Any observers that doubt Rose’s perspective may be interested to learn that the final moments of the final cut of Uncharted 2 were utterly improvised. Undisputable proof, then, that Hennig is not too precious about her opus to let her actors off the leash.
An enthusiastic interpretation of what Naughty Dog is doing is redefining the way actors work with creators. There is little or no hierarchy in terms of producers overlooking and micromanaging at the studio, and through the extended shoots and closeness between actors and developers, there is a level of trust that those inside the walls of Naughty Dog insist is unrivalled.
Rose even considers that the approach might be confined to Hennig and her co-workers: “I just don’t know if other games studios could handle this model. The risky way that Naughty Dog works is so unique to them. The ‘organic-ness’ of everything, and the way it is on the fly and the fact that the development team is so in sync with each other just wouldn’t work in many places.”
Whether or not the approach is one that other studios could easily adopt, the Uncharted outfit has made many actors very happy, and its games have become famed for the believable, human and likeable quality of their characters.
In fact, what Hennig and her team are doing – in adopting and tailouring the existing approach to shooting content so prolific in film and television – is even allowing the cast to begin pondering the emergence of a new school of acting theory; and one that is specifically conceived for game and special effects work.
“I think performance capture offer actors acting in its purest form,” suggests North, as he begins to hint at an approach to acting ‘systems’ pioneered by the likes of Andy Serkis.
METHOD IN THE MADNESS
Alec Guinness, who North highlights as an inspiration and an idol, has long been an advocate of developing a character from the outside, and projecting it in. It’s quite the opposite of acting theory’s most famous name; Constantin Stanislavski. It was he who pioneered the ‘method’ approach to acting which centred around the inner being of the actor and bringing that to the outside. Guinness’ approach, argues North, is one that any actor squeezed into a mo-cap suit should seriously consider.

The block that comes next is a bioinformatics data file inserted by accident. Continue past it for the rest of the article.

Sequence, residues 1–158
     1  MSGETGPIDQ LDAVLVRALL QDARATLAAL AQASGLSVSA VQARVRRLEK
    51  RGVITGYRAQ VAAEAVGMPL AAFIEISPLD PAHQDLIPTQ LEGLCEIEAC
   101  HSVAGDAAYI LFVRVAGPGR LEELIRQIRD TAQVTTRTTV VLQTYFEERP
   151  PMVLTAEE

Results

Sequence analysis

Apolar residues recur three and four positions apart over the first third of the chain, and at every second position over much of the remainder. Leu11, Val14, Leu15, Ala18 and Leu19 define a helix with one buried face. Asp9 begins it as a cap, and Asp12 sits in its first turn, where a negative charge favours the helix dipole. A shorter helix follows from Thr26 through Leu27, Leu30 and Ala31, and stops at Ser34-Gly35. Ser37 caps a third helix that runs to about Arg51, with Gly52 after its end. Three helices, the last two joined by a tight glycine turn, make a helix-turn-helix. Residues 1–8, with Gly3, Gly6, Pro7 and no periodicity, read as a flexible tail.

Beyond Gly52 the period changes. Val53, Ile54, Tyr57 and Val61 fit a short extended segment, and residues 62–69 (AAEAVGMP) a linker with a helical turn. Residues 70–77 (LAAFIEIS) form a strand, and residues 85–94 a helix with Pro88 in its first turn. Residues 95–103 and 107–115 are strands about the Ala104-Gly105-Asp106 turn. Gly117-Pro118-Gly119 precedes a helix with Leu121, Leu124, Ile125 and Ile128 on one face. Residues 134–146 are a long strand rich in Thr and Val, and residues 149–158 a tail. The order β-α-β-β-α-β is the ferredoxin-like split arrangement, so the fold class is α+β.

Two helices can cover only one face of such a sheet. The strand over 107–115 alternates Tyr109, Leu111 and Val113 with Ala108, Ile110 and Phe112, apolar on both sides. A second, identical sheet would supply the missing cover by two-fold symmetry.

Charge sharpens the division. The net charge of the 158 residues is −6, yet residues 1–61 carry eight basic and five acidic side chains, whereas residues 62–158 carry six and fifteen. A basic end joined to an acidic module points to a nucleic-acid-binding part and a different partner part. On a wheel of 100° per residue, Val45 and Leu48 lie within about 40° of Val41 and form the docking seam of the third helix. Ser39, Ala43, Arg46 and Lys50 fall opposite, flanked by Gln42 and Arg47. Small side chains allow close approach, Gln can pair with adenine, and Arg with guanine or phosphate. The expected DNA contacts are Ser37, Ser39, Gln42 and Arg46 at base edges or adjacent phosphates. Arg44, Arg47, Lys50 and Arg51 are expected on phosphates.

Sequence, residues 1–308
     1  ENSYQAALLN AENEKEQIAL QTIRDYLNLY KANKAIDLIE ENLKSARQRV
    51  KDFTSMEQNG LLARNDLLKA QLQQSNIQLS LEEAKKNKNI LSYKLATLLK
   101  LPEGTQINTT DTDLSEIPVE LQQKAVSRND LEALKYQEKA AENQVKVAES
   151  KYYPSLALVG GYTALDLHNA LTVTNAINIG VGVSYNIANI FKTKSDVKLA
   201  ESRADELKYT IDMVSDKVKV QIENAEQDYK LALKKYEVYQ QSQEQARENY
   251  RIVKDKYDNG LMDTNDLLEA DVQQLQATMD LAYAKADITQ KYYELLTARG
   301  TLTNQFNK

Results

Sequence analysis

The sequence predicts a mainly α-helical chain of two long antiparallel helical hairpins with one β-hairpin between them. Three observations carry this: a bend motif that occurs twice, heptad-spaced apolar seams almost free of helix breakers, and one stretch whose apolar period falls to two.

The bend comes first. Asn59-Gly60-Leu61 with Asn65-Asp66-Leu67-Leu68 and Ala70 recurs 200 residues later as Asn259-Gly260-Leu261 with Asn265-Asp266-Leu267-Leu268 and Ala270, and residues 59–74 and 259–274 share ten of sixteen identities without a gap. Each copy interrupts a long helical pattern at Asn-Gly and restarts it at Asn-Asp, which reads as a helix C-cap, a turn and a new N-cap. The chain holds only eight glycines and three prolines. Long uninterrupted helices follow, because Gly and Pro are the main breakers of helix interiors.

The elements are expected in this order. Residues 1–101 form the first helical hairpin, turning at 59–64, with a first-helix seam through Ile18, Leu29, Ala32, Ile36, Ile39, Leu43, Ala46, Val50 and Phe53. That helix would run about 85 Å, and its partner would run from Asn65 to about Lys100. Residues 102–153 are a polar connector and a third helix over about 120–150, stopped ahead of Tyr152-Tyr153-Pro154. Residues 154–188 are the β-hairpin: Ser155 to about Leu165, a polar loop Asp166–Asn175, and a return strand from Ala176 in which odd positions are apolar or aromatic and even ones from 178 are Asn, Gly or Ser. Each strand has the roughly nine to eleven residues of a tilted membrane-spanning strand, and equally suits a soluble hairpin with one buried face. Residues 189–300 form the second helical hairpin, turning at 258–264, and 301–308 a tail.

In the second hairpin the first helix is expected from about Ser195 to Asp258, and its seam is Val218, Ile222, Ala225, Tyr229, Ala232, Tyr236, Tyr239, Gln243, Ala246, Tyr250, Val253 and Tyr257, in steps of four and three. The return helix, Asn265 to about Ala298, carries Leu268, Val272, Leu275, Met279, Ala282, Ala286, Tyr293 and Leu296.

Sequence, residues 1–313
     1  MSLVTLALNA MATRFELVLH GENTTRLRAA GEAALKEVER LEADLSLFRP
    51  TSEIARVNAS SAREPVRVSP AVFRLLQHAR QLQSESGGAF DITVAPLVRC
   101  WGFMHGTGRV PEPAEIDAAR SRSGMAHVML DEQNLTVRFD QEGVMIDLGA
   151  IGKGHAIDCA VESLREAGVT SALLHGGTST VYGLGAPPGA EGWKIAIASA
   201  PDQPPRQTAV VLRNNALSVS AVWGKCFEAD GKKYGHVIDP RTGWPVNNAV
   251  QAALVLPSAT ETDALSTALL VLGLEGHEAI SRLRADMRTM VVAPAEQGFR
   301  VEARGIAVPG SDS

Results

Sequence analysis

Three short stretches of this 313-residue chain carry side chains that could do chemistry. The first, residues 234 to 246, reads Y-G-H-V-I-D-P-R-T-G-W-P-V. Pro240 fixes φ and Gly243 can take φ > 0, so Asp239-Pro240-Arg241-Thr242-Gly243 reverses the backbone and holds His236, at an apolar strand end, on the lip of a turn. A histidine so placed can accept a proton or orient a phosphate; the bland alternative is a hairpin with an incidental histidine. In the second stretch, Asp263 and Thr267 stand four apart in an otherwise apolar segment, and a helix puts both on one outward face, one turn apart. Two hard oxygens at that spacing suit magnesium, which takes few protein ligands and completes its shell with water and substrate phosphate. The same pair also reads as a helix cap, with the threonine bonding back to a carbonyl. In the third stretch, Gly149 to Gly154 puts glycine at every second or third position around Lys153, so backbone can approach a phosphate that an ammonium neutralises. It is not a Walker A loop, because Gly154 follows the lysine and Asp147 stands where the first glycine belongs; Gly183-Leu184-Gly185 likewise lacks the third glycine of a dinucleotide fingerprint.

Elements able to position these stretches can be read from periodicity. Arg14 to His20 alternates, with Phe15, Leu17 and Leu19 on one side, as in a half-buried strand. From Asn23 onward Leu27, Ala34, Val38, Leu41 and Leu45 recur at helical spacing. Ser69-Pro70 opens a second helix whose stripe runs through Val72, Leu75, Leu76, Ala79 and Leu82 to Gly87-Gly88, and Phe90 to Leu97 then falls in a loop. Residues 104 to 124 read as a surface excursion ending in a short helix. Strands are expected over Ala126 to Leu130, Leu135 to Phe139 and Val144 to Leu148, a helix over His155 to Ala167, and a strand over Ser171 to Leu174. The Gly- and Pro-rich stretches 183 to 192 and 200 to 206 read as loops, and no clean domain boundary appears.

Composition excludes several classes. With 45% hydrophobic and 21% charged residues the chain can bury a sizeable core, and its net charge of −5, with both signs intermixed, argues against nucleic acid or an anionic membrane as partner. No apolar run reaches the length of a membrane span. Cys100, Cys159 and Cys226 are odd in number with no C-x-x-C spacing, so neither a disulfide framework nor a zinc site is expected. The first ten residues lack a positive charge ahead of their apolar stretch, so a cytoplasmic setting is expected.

“With mo-cap it’s acting in its purest form because you need that imagination. It’s play acting; it’s the imagination, and it it’s a matter of grasping onto specific moments and really connecting with the other actors in a way you don’t normally have to do, especially in games where you’re alone with the microphone,” says North of acting in a world of high-fidelity mo-cap, adding: “It’s a new way of acting that requires a new way of thinking.”
A SPECIAL EFFECT
The actors’ work on the Uncharted series has brought them a great many things. Rose admits it has provided a significant boost to her skillset as an actress in a range of industries increasingly dominated by special effects. She is adamant that performing in games now has risen to a level of respectability that has her colleagues the world over keen to seek work at the new frontier of game acting.
What’s more, Rose has even had her eyes opened by gaming to many of the failings of the conventions that dominate the film and TV studios scattered through Los Angeles and beyond.
“There’s too many controlling people in Hollywood and that industry,” states Rose. “Networks control creators. It’s so different with games. The freedom Sony gives Naughty Dog, and the freedom from Naughty Dog all the way down is amazing. There’s so much trust, and I think part of that is because of Amy.”
If there is a new movement in game acting – one that sees performers working more closely with developers in crafting a game – then it has a way to go. Naughty Dog’s method and its relationship with Rose and North remains fairly atypical.
Rushed shoots crammed into just a few days still dominate the industry landscape, and many game actors still only see the insides of an ADR booth.
That is changing though, and bold developers who are not too adverse to risk could do well from inviting actors a little closer, and listening to their insights throughout a game’s development.